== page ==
Bombshell

Critics Consensus

Bombshell benefits from a terrific cast and a worthy subject, but its impact is muffled by a frustrating inability to go deeper than the sensationalistic surface.

70%

TOMATOMETER

Total Count: 306

84%

Audience Score

Verified Ratings: 6,822

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Movie Info

Starring Academy Award (R) winner Charlize Theron, Academy Award (R) winner Nicole Kidman, Academy Award (R) nominee John Lithgow and Academy Award (R) nominee Margot Robbie, based on the real scandal, BOMBSHELL is a revealing look inside the most powerful and controversial media empire of all time; Fox News, and the explosive story of the women who brought down the infamous man who created it.

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News & Interviews for Bombshell

Critic Reviews for Bombshell

All Critics (306) | Top Critics (45) | Fresh (214) | Rotten (92)

  • It's this element of recoil from total sympathy with these harassed women that makes the film intriguing though.

    January 21, 2020 | Rating: 4/5 | Full Review…
  • [A] timely satirical takedown that finds black humour and absurdist comedy in the subject of workplace sexual harassment while never losing sight of its devastating repercussions.

    January 17, 2020 | Rating: 4/5 | Full Review…

    Kevin Maher

    Times (UK)
    Top Critic
  • [Director Jay Roach] and Randolph are rightly fascinated by the social climate and geography of the Fox offices -- the factions, hierarchies, protocols and rivalries that define the place.

    January 13, 2020 | Rating: 4/5 | Full Review…
  • Disingenuous trash.

    January 13, 2020 | Rating: 1/5 | Full Review…
  • Charlize Theron, Nicole Kidman, John Lithgow at the top of their game in a solid recap of sexual harassment at Fox News.

    December 24, 2019 | Rating: 3/4 | Full Review…
  • With Bombshell, thanks in large part to the contributions of his actors, Roach has crafted a compelling "ripped from the headlines" motion picture that unfolds like a page-turner.

    December 24, 2019 | Rating: 3/4 | Full Review…

Audience Reviews for Bombshell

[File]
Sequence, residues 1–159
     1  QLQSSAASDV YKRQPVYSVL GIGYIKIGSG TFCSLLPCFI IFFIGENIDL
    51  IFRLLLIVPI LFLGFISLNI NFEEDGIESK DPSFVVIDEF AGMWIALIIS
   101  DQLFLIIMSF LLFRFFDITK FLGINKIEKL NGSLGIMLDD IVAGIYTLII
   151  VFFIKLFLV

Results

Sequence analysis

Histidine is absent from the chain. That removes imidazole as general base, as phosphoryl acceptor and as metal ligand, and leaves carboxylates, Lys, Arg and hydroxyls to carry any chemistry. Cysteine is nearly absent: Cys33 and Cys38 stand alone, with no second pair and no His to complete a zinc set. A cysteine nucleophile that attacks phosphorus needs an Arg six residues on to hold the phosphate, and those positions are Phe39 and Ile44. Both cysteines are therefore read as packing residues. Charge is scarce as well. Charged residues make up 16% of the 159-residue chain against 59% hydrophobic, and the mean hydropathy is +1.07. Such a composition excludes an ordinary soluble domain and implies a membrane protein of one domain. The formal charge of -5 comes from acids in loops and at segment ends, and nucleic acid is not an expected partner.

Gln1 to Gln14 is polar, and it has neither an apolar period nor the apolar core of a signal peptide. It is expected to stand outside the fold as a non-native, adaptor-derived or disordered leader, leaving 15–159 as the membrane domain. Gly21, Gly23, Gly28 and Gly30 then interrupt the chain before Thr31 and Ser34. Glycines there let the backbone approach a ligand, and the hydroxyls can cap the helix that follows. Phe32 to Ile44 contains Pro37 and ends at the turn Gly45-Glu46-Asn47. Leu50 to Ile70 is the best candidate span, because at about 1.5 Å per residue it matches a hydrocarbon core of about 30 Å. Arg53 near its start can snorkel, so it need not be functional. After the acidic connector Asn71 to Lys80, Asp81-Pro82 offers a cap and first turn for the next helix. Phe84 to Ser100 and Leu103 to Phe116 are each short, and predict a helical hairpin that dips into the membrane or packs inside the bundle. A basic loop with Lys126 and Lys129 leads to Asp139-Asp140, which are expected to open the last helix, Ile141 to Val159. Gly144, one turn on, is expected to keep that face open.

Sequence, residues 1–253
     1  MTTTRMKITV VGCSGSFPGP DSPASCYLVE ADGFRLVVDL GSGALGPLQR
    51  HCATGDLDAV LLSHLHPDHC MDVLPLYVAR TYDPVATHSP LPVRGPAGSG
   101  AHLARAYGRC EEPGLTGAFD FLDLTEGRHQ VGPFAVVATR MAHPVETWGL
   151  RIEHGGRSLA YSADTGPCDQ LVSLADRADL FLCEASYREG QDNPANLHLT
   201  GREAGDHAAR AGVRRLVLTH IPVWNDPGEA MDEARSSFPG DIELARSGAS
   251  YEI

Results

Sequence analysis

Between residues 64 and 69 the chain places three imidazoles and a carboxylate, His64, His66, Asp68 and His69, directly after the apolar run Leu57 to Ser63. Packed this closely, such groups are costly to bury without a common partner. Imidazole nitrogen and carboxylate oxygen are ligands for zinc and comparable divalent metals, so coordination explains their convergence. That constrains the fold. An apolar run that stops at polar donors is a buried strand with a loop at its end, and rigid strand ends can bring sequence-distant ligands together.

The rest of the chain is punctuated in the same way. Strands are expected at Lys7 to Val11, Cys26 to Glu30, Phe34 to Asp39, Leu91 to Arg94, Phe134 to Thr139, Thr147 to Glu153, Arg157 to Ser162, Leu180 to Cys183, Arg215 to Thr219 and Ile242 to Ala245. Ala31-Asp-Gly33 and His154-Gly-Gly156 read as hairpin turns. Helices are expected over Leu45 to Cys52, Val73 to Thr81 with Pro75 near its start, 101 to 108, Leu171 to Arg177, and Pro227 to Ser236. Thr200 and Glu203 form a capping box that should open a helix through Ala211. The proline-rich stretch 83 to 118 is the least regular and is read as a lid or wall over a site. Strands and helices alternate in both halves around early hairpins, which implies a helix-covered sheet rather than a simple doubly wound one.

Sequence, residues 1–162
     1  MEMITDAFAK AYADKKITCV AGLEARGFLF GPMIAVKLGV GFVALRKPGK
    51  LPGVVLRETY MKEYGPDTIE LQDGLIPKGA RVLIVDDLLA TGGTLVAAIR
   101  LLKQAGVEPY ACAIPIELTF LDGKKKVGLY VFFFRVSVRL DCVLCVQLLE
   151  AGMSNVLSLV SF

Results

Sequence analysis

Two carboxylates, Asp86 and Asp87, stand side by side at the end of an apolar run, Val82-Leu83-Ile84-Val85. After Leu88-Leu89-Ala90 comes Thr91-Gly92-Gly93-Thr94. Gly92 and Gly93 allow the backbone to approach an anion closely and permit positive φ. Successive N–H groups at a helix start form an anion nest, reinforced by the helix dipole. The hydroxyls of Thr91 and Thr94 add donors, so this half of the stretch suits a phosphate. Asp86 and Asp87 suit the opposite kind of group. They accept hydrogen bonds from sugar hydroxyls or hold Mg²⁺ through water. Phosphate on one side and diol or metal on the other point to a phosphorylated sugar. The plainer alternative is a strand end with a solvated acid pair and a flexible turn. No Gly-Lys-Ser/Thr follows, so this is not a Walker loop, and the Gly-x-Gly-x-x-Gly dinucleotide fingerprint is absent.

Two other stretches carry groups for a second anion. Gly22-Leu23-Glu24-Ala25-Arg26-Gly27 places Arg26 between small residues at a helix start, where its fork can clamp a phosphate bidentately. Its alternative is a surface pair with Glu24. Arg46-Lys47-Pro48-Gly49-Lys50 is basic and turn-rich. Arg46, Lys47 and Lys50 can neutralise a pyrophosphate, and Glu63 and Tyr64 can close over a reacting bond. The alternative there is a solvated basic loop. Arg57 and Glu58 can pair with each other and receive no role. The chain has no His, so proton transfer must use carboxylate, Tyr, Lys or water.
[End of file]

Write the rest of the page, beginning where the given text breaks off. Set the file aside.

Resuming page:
• Mar 02, 2020
    Performances are all outstanding, but it's not a movie. It's more like HBO.
    Aldo G Super Reviewer
  • Dec 29, 2019
    "Bombshell" further proves Charlize Theron is hands down the best actor (male or female) in the past twenty years. She is spot on as the Fox News bombshell Megyn Kelly as are Margot Robbie as up-and-comer Kayla and Nicole Kidman as Gretchen Carlson. Any film that showcases Mark Duplass, Rob Delaney, Connie Britton, Allison Janney and Malcolm McDowell as a supporting cast can't fail. Director Jay Roach keeps "Bombshell" tight and suspenseful. Ailes was despicably savvy. (12-28-19)
    John C Super Reviewer
  • Dec 22, 2019
    More an expose on toxic work environments than anything overtly political, Bombshell is an effective true-life drama about the many pitfalls, humiliations, traps, harassment, and compromises that women face in the workforce. We follow the downfall of news magnate Roger Ailes (John Lithgow), the imposing man who built the Fox News empire and who also bullied his employees and solicited sexual favors from the many women who were on his payroll. Margot Robbie plays an invented character meant to provide that entry point into Ailes the creep in creepy action. She'll be harassed and pressured for sex by a man described as "Jabba the Hut," and Robbie is terrific in her big dramatic moments portraying what the pressure and shame does for her ambitious anchor. The other two main characters wrestle with how far to go in a corporate culture of keeping secrets from very powerful, very dirty old men. Gretchen Carlson (Nicole Kidman) is consulting lawyers for a personal harassment lawsuit against Ailes the person, not Fox News, but she needs other women to come forward. Megyn Kelly (Charlize Theron) is struggling with the scrutiny she has endured after then-presidential candidate Donald Trump turns his small Twitter thumbs against her. The Fox bigwigs won't go on record to defend her, and their journalists, because they need Trump to drive ratings. The movie uses several Big Short-style narrative tricks to help tell its sordid tale, including swapping narration and fourth-wall breaks; a run through of hearing from Ailes' past victims in their own words is striking, especially a woman who says she was only 16 at the time. Part of the fun are the many many cameos and just watching actors portray different Fox News personalities (Richard Kind as Rudy Guiliani!). The makeup is also phenomenal and Theron looks unrecognizable as Kelly. The film itself doesn't feel like it's telling you anything you already don't know about the subject; people will compromise their morals for personal gain, power leads to exploitation, women are unfairly treated, and it's easier to fall in line than stand up to power. There's still a thrill of watching the downfall of a serial abuser, and the acting is strong throughout, but Bombshell can't shake the feeling of being a slicker, more star-studded TV movie version of recent history. Even with the urgency of the topic, it feels light, and not because of its use of incredulous humor. I could have used more behind-the-scenes details, and maybe that's where Showtime's miniseries The Loudest Voice comes in, retelling the same story with Russell Crowe as Ailes. It's a solid movie on a very pertinent subject and worth seeing but it also makes me wish for a harder-hitting, more widely sourced expose on this very bad man who felt forever protected by the status quo of power. Nate's Grade: B